Cons: You might get bored. Apart from that, not much really.
Go racing but not in F1
Kimi’s tried NASCAR and also Peugeot’s 908 Le Mans car. But neither of those seems to have exactly grabbed him. There’s always DTM too.
Pros: There’s less pressure, not as much media attention, and it’s not as time-consuming as F1 – but you still get the chance of racing a car. Best of both worlds?
Cons: Do you really need to do any other sort of racing when you’re already a Formula One world champion? Wouldn’t it be just a bit boring?
So there are the options. Now over to the Iceman…
Sarà una banca il prossimo sponsor Williams?
Da www.iltasanomat.fi, traduzione Nicole@KRForum Ufficiale
This is what Williams tries – Räikkönen’s F1-salary from Qatar?
Williams tries to get a rich Arab bank to sponsor them by using Kimi Räikkönen’s name.
Sir Frank Williams’ team has tried to lure Qatar National Bank as their main sponsor for a couple years already.
They haven’t succeed but now Williams tries once again to get a contract with the biggest bank in Qatar. Williams can bring Kimi’s name to the table since the team has already negotiated with Kimi about next season.
Williams could get such a remarkable contract with Qatar National Bank that they could fill Räikkönen’s salary demands with that.
Williams already has strong connection to Qatar, which is one of the richest country in the world. Williams has founded their own research- and development-center in Qatar’s science- and technology park.
Williams has also taken forward a traffic safety campaign together with Qatar National Bank, a campaign directed to drivers in Quatar.
The team’s members have had their educational happenings in schools and universities in Qatar. The team has also built simulators in Qatar for driving instruction.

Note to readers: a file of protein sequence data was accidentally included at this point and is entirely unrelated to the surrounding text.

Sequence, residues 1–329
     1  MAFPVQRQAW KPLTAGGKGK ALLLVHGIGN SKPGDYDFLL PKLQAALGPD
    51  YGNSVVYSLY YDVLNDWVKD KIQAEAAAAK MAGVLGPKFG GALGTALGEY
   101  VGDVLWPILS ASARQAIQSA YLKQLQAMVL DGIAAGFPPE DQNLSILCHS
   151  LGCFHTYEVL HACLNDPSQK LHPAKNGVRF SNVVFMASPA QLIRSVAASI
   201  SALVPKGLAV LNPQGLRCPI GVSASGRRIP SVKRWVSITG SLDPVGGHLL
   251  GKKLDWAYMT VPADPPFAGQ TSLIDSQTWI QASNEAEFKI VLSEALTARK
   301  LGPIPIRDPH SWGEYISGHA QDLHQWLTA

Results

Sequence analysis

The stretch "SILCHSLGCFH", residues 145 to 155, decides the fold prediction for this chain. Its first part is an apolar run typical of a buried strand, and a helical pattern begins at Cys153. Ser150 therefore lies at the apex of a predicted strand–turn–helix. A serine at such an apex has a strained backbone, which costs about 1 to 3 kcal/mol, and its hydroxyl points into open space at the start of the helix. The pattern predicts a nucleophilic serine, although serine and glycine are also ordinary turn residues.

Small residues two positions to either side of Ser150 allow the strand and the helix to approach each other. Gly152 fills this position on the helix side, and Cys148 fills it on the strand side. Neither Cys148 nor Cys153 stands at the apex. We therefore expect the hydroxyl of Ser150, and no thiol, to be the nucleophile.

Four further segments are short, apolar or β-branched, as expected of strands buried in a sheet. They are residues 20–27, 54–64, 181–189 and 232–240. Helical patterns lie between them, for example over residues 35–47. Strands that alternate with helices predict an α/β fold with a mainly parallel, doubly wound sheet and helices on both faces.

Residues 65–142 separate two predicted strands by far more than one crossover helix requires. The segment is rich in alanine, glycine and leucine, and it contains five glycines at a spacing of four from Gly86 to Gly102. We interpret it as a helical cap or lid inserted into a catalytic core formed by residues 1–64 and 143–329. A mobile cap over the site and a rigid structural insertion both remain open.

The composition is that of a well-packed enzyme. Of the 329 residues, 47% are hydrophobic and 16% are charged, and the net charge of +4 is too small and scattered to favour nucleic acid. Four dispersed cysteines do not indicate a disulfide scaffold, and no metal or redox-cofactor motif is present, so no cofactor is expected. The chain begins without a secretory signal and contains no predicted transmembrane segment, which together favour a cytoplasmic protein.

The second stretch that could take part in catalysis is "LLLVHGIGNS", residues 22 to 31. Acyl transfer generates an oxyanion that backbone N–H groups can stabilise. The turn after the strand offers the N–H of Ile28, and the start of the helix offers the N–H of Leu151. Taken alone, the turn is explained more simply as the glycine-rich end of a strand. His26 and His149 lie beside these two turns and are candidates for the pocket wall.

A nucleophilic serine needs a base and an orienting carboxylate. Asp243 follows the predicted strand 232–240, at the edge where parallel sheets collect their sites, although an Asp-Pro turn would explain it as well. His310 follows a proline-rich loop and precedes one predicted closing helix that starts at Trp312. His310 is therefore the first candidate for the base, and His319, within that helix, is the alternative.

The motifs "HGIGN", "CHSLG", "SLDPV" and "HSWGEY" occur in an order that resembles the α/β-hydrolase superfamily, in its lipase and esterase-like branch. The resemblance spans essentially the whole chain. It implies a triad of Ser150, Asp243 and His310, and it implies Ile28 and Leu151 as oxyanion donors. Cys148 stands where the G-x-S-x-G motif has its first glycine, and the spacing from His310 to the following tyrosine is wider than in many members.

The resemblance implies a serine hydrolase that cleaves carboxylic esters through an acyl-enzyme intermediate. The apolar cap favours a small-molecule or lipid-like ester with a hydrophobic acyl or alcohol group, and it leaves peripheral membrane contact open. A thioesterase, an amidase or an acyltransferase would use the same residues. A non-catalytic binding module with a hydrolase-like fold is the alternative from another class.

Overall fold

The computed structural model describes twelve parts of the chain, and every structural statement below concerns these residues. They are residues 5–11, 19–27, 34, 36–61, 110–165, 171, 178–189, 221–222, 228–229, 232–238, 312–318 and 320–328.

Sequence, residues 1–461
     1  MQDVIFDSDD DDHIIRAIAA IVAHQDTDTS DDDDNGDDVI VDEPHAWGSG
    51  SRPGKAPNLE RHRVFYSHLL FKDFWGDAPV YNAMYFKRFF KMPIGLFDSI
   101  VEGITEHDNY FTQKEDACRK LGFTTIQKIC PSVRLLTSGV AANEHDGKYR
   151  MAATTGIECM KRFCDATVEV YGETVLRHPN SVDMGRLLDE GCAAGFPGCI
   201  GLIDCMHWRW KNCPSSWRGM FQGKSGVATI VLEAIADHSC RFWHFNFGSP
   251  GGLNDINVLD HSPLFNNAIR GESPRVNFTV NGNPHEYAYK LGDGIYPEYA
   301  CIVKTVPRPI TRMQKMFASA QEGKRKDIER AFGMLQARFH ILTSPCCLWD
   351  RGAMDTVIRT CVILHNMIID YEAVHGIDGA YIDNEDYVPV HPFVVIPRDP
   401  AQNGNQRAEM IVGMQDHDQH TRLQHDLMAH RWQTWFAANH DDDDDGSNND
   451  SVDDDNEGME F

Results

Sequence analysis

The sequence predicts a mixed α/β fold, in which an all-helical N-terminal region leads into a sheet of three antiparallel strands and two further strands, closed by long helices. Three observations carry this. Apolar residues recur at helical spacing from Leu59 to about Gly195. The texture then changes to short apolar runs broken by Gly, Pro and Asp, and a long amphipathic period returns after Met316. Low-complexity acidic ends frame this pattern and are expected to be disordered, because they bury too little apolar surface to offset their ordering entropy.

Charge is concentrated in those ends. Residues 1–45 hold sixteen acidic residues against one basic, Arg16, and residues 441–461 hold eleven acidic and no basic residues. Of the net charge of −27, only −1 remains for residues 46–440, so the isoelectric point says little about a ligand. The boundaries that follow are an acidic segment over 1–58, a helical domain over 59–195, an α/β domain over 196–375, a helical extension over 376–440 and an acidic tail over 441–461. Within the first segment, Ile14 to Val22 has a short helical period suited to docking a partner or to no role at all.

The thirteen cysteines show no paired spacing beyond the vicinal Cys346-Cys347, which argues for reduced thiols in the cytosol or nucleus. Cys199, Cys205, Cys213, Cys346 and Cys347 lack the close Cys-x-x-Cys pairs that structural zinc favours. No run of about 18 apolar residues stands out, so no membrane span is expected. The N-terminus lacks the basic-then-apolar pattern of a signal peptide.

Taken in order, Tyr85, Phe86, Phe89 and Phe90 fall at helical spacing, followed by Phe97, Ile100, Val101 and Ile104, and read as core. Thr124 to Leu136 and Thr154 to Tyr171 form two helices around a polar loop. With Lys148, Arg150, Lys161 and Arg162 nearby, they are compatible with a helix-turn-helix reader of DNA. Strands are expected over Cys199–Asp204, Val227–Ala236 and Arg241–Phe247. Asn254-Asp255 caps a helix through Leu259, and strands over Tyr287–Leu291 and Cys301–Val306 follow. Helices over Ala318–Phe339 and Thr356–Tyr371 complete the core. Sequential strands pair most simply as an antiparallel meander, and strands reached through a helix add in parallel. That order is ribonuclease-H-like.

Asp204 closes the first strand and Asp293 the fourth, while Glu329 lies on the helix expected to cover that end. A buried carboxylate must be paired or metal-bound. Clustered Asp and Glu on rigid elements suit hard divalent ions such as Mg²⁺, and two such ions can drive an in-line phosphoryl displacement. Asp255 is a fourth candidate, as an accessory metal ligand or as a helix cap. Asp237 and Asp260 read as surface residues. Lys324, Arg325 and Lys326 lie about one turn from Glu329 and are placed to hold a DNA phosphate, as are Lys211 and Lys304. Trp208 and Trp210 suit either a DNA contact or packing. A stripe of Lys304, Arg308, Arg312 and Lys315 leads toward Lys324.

Gara di kart a Bércy saltata per Kimi.
@Julef1 nous avons appris récemment que K. Raikkonen, D. Coulthard ont dû annuler leur participation aux EMK pour des raisons personnelles
Kimi Räikkönen opts not to restart the Rally of France for day two
Kimi Raikkonen has joined fellow Citroen DS3 WRC driver Sebastien Loeb on the official retirements list from the Rally of France – the Finn is on his way home to Geneva after his road accident this morning.
Raikkonen was sidelined with suspension damage after he hit the back of Henning Solberg’s Ford Fiesta RS WRC on the way to stage three. The team says the damage could have been repaired, but it was felt there was no point when the penalties would have ruled out any chance of a top result.
Team manager Benoit Nogier said: "It’s over, Kimi has gone [home]. The damage was not so bad, but he preferred to stop. That’s it. This is very disappointing."
Nogier added that Raikkonen’s early pace on the Alsace event, running inside the top 10, was looking positive for the rest of the rally.
"We could have made a good result here," he said. "The times on the first stages were good."
Raikkonen will contest the final two rounds of the World Rally Championship in Spain and Britain as expected.
Kimi Räikkönen says his Rally of France road section shunt was a ‘stupid accident’
Kimi Raikkonen’s Ice 1 Racing team manager Benoit Nogier said the Finn described his exit from the opening day of Rally de France as a "stupid accident."
Raikkonen explained his crash, when the Citroen driver hit the back of Henning Solberg’s Ford on the road section to stage three, when he arrived back in service in Strasbourg earlier today.
Nogier said: "Henning had passed Kimi on the road section. They were both weaving to warm up their tyres, but Kimi had to go back past Henning because he was going to start the stage before him.